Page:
Relating Snowfall Patterns Over the Central and Eastern U.S. to Infrared Imagery of Extratropical Cy...
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Relating Snowfall Patterns Over the Central and Eastern U.S. to Infrared Imagery of Extratropical Cyclone Comma Heads. Darren Van Cleave M.S. Thesis Defense. 07/07/09. Acknowledgements. Dr. Tom Vonder Haar – Advisor Dr. Sue Van den Heever & Dr. Jeff Nieman – Committee

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Darren Van Cleave M.S. Thesis Defense

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Darren van cleave m s thesis defense

Relating Snowfall Patterns Over the Central and Eastern U.S. to Infrared Imagery of Extratropical Cyclone Comma Heads

Darren Van Cleave

M.S. Thesis Defense

07/07/09


Acknowledgements

Acknowledgements

  • Dr. Tom Vonder Haar – Advisor

  • Dr. Sue Van den Heever & Dr. Jeff Nieman – Committee

  • Jack Dostalek – All-purpose Answer Man

  • CIRA – Technical Support

  • 301 Officemates & Atmos. Friends – Distractions/Ideas

  • Family – Common Sense

  • NOAA Grant NA17RJ1228 - Funding


Outline

Outline

  • Background

  • Introduction & Origins

  • Datasets & Methodology

  • Results

    - Dynamic Cause of Comma-Head Separation

    i. Jets

    ii. Trowal

    - Forecasting Implications

  • Future Work


Background

Background

  • Geostationary Satellites and IR imagery

T=-30 C

6 km

T=-20 C

4 km

2 km

T=5 C


Background cont

Background cont.

  • Extratropical Cyclones & Geostrophic Balance

Cyclone Terminology

Geostrophic Wind

Comma Head

Frontal Zone

Actual Wind

Ageostrophic Wind

Geostrophic Wind


Background cont1

Background cont.

  • Review of jet concepts

    For this research, jets are defined as areas of wind maxima around 250 millibars. In an idealized jet, rising motion is preferred in the right entrance and left exit regions with sinking in the other quadrants. Curvature can enhance the rising and sinking in select regions.


Introduction

Introduction

  • Research Ideas

    Differences were identified in snowfall over the central US, possibly associated with differences in the comma-head patterns as seen in infrared geostationary satellite imagery.


Introduction cont

Introduction cont.

  • Case Collection

    Cases of extratropical cyclones over the central and eastern U.S. with at least 5 inches of snow and obvious comma heads were sought. The western U.S. was excluded because of frequent cyclolysis along the West Coast and the generally disorganized cyclones in this area. The archived satellite imagery was available from 1996 to the present, and so the period of interest was the winter of 1996/’97 to 2008/’09. Nearly 50 cases were found which met these criteria.


Introduction cont1

Introduction cont.

  • Datasets

Satellite 10.7 μm IR – GOES (Geostationary Operational Environmental Satellite)

Weather forecast model reanalysis – NARR (North American Regional Reanalysis)

Snowfall data – COOP (Cooperative Observer Program)


Origins

Origins

  • Original Ideas

    At the beginning of the project, it was thought that snowfall swaths and the resulting snow swath could be connected to cloud-top temperatures to develop an operational product. Instead, a textbook by Bader et al. indicated a possible dichotomy in storm structure, and it was thought that this could possibly apply to the cases that had already been collected.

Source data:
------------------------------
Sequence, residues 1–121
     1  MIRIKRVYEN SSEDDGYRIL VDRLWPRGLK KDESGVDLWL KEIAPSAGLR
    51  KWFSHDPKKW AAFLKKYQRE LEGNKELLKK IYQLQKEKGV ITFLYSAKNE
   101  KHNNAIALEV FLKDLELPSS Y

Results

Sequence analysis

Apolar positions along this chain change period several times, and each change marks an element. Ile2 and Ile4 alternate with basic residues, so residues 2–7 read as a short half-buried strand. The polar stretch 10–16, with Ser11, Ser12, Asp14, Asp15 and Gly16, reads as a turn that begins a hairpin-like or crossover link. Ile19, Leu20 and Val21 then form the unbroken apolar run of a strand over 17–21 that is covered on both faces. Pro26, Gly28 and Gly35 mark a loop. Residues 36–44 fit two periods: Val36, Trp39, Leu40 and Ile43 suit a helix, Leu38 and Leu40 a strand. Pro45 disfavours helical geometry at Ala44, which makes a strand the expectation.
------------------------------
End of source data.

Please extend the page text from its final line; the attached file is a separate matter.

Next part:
Bader et al. 1995


Origins cont

Origins cont.

  • A New Discovery

    After looking through the cases, a cloud feature was found which was absent from the literature. This feature was similar to the second type of storm in Bader’s text wherein the comma head featured warmer cloud tops than the frontal cloud shield. However, in contrast to the Bader diagrams, the comma head was visibly separate from the frontal zone for a period of time as seen in the IR imagery.

vs.


Research motivation

Research Motivation

  • Snowfall Differences

    Initial plots of snowfall contours over satellite imagery seemed to indicate that the “separated” cases featured snowfall which was concentrated in a narrow area on the southern side of the comma head, in contrast with the “classic” cases wherein the snowfall was distributed throughout the comma head with localized maxima. It was decided to investigate why the comma-head separation occurred, and how it affected snowfall.

vs.


Category definitions

Category Definitions

  • Classic

500km

Continuous cloud shield as seen in IR imagery, classic comma-head shape, comma-head temperatures within 15 K of frontal zone

1000km

  • Separated

250km

450km

  • Separated comma-head temperatures are within 15K of frontal zone, yet there is an area of temperatures around 30 K warmer than the frontal zone

200km


Case categories

Case Categories

  • New Category

    Further analysis of separated comma-head cases revealed another possible category: warm separated comma heads. These cases had comma heads with temperatures around 15K warmer than the corresponding frontal zones, and the distances of separation between the comma heads and the frontal zones were less than most of the separated cases. Additionally, the warm-separated cases seemed to be a part of a different storm evolution than the other cases, thus meriting a separate category.

vs.


Methodology

Methodology

  • Storm-Relative Composites

    Three model times for each case were utilized in making the composites. The first and last hour were selected based on spatial definitions, and the middle hour was then defined as the hour between those two. The composites were storm-relative, with the surface low serving as the center of the composite grid.


Methodology cont

Methodology cont.

  • Compositing Hour Examples

Classic

Separated

Warm Separated


Methodology cont1

Methodology cont.

  • Cross Sections

    Cross sections were made at various angles through the cyclone at the middle hour of storm evolution, with the center of the surface low serving as the center of the cross section. To investigate the separated comma heads, two regions of interest were transected: the colder cloud-tops of the comma head, and the area of warmer cloud-tops between the comma head and the frontal zone.

Classic – 17Feb08

Separated – 13Mar99

Warm Separated – 04Mar08


Methodology cont2

Methodology cont.

  • Omega Calculations

    Q-G omega (rising motion) was simplified to four terms following Pauley and Nieman (1992)

Omega terms

Temp. advection

Vorticity advection


Methodology figure explanations

Methodology – Figure Explanations

Cross Section

Plan View

Cyclone category or individual case

Cyclone category or individual case

False US states background

Height in millibars

units

L

Pa s-1

ms-1

Always centered on surface low

Kilometers south of the low

Kilometers north of the low

Surface low